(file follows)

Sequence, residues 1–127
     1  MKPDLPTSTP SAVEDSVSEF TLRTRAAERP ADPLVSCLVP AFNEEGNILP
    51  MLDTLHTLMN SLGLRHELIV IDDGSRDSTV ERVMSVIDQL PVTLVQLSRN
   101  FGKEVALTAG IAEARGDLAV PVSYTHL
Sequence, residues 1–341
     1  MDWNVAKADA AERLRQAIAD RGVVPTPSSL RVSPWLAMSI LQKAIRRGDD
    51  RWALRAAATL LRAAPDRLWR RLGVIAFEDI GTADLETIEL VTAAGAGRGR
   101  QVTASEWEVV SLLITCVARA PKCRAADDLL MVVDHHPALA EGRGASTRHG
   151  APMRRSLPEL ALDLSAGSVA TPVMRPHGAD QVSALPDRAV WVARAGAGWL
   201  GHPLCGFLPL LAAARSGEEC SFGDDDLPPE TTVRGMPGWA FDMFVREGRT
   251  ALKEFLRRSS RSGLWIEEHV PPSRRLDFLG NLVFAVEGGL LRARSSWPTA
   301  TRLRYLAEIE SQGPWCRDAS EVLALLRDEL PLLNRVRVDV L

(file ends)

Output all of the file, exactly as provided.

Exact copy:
Sequence, residues 1–127
     1  MKPDLPTSTP SAVEDSVSEF TLRTRAAERP ADPLVSCLVP AFNEEGNILP
    51  MLDTLHTLMN SLGLRHELIV IDDGSRDSTV ERVMSVIDQL PVTLVQLSRN
   101  FGKEVALTAG IAEARGDLAV PVSYTHL
Sequence, residues 1–341
     1  MDWNVAKADA AERLRQAIAD RGVVPTPSSL RVSPWLAMSI LQKAIRRGDD
    51  RWALRAAATL LRAAPDRLWR RLGVIAFEDI GTADLETIEL VTAAGAGRGR
   101  QVTASEWEVV SLLITCVARA PKCRAADDLL MVVDHHPALA EGRGASTRHG
   151  APMRRSLPEL ALDLSAGSVA TPVMRPHGAD QVSALPDRAV WVARAGAGWL
   201  GHPLCGFLPL LAAARSGEEC SFGDDDLPPE TTVRGMPGWA FDMFVREGRT
   251  ALKEFLRRSS RSGLWIEEHV PPSRRLDFLG NLVFAVEGGL LRARSSWPTA
   301  TRLRYLAEIE SQGPWCRDAS EVLALLRDEL PLLNRVRVDV L